Dwight D. Eisenhower

The 34th President of the United States

Big image

Election of 1952

  • Eisenhower (Republican) vs Adlai Stevenson (Democrat)
  • Cold War tensions were beginning to heighten
  • Truman had decided not to run, so the Democratic party chose the renowned Stevenson as their candidate
  • Republicans Eisenhower and Nixon fought vehemently to earn the public's favor
  • by this point, Eisenhower was a widely-respected war hero
  • made a concentrated effort to appeal to female voters, one of the first instances of such a campaign strategy in American history
  • spoke out against the Korean War and the spread of communism, two major failures of Truman before him
  • in response to accusations of misusing campaign funds, Republican VP candidate Nixon issued the Checkers speech to dispel any suspicion and earn public trust once again
  • ultimately, the election was a landslide victory for the Republican party, with Eisenhower earning 442 electoral votes against Stevenson's 89
Big image

Election of 1956

  • rematch between Eisenhower and Adlai Stevenson
  • Eisenhower's declining health threatened his chances of victory
  • main concern among Republicans was whether or not Nixon would be Eisenhower's running-mate once again due to Nixon's past controversies
  • few ultimately opposed Nixon's repeated involvement, however, and therefore he once again ran with Eisenhower
  • for the first time in American history, television played a major role in the campaign
  • proved helpful to Eisenhower because the ability to broadcast himself easily throughout the nation did not force him to travel as much, which would have proven strenuous after his heart attack in 1955
  • Eisenhower publicly opposed Stevenson's ideas for eliminating the military draft and ending nuclear testing on both sides of the Cold War, but was secretly working on plans to terminate nuclear testing himself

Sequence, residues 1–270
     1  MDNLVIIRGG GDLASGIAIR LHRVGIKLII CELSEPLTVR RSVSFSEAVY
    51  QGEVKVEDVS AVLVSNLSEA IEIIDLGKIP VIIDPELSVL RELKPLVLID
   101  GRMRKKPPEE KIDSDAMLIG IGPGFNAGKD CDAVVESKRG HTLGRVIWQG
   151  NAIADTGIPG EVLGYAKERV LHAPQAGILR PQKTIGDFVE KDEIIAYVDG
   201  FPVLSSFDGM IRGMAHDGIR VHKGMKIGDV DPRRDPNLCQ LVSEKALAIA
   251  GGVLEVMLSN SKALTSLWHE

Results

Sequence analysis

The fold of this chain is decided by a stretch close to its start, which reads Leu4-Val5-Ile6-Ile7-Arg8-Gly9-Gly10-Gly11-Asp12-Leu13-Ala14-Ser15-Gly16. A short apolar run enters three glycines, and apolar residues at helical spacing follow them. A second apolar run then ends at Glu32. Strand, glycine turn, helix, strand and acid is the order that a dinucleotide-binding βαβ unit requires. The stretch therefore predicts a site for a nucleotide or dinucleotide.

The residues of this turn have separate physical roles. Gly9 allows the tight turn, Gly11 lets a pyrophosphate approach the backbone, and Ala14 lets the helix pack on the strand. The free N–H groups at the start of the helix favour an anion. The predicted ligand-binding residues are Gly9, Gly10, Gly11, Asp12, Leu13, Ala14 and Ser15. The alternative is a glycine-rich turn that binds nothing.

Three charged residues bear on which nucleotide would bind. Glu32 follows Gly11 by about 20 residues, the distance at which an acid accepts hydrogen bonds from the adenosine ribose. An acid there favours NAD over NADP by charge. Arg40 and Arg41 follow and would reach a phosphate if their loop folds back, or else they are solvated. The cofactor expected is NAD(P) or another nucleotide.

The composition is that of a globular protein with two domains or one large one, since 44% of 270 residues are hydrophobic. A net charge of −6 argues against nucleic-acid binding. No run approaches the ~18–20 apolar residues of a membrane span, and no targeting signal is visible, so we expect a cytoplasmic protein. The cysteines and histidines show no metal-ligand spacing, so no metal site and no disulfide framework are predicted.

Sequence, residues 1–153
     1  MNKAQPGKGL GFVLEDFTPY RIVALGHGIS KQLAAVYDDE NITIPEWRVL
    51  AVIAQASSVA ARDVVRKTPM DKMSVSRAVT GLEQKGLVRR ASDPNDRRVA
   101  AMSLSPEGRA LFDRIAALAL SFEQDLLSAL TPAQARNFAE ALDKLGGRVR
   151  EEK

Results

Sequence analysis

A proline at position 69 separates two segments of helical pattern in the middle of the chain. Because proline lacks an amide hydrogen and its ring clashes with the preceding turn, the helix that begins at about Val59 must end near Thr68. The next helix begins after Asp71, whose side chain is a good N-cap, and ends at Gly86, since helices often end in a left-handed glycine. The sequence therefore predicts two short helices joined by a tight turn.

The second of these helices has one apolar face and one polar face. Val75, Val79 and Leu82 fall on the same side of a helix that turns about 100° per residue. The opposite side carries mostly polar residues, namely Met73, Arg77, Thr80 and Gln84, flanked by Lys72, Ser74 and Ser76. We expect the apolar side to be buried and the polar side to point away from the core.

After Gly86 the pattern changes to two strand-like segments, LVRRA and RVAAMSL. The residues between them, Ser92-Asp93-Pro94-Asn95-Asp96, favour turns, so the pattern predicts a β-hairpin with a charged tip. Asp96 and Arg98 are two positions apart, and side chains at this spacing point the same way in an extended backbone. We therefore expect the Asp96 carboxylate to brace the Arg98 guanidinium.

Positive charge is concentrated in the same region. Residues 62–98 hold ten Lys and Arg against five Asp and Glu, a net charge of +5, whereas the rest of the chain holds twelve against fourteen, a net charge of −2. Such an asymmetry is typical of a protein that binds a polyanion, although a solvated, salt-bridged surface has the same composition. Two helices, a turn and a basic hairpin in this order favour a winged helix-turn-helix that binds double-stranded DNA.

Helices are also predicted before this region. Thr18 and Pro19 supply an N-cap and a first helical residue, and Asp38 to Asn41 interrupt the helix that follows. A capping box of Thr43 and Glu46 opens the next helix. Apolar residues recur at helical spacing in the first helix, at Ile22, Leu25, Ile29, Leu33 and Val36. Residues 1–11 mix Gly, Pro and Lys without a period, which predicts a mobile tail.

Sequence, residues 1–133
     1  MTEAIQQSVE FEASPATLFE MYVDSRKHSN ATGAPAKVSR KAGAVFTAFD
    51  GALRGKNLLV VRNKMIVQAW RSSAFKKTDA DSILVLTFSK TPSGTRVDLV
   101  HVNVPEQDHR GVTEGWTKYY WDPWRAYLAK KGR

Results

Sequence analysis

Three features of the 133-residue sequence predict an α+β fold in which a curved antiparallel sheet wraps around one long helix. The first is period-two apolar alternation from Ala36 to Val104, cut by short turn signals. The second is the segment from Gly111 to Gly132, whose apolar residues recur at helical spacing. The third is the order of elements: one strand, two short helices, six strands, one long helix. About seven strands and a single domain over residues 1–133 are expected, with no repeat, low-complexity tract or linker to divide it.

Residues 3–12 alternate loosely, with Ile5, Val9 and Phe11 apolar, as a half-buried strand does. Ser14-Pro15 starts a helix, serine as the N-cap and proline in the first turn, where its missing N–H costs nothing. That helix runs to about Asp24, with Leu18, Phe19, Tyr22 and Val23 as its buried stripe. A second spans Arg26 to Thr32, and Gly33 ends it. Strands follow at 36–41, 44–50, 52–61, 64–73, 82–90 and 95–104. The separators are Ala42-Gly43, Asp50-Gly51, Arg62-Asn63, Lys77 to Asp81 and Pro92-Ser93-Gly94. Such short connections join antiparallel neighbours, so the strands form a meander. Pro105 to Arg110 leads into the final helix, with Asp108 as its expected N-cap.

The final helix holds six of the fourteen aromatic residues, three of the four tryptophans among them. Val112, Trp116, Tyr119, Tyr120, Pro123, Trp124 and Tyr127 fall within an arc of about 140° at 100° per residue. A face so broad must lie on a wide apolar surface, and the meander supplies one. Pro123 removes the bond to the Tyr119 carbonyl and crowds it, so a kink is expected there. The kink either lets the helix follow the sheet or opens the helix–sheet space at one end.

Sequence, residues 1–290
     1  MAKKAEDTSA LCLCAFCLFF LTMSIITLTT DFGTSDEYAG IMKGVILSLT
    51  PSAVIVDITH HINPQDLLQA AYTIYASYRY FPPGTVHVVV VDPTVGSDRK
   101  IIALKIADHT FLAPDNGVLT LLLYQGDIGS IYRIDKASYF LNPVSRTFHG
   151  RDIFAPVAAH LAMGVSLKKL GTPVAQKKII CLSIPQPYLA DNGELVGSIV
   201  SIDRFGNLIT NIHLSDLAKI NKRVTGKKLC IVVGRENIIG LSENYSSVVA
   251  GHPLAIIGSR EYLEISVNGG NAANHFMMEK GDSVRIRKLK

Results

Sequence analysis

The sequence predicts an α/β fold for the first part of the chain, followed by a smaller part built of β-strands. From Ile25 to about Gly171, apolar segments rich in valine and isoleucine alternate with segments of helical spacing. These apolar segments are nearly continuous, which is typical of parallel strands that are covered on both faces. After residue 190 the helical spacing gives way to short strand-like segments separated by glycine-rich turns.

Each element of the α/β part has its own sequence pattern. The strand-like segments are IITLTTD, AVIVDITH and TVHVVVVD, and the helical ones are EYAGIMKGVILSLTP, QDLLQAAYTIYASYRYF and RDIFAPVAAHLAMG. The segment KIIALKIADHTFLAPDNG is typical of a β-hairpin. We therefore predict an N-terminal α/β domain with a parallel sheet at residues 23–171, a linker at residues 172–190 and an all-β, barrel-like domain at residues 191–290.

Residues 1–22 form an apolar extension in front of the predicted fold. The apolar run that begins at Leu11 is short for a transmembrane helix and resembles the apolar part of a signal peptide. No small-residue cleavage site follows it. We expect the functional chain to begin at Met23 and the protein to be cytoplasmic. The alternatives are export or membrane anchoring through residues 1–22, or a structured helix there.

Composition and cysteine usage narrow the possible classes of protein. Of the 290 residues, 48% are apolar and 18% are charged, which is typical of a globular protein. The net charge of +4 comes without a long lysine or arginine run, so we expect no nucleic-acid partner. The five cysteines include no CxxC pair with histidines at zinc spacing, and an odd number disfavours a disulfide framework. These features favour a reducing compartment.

• Eisenhower's popularity from his last campaign and his Presidency carried over into the election of 1956, and he secured office once again without much difficulty
Big image

The Cold War

  • period of great tension in 1953-1962 between the Western Bloc (United States and NATO) and powers from the Eastern Bloc (primarily the Soviet Union)
  • Eisenhower focused his Cold War policy on preventing the spread of Soviet communism
  • after Joseph Stalin died in 1953, he was replaced by Nikita Krushchev, who immediately established his own dominance by rejecting Stalin's "personality cult" and bolstering his own authority
  • Eisenhower was caught between trying to restrict the Soviet Union's spread of influence and balancing government spending
  • in an address by Secretary of State John Foster Dulles in 1954, Eisenhower's new policy of "brinksmanship" was introduced, and in 1956, he defined it as a concentrated effort to bring the Soviet Union to the brink of war, at which point the US would be able to exact concessions
  • meanwhile, in Korea, an armistice was signed in order to reduce military costs
  • the French military was defeated in the Battle of Dien Bien Phu in Indochina by communist forces, and were forced to abandon their colony
  • this loss of territory resulted in its division into North and South Vietnam
  • China and the Soviet Union supported North Vietnam economically and militarily
  • in line with his own policy of containment, Eisenhower extended aid to South Vietnam
  • the space race erupted between the Soviet Union and the United States to see who could reach the moon first, inspired an even greater rivalry between the two
  • shortly before Eisenhower left office, Fidel Castro, a communist leader, gained control of Cuba
  • an American U-2 spy plane was destroyed by the Soviets as it flew over the USSR, an incident that was seen as an embarrassment by many
Big image

Joseph McCarthy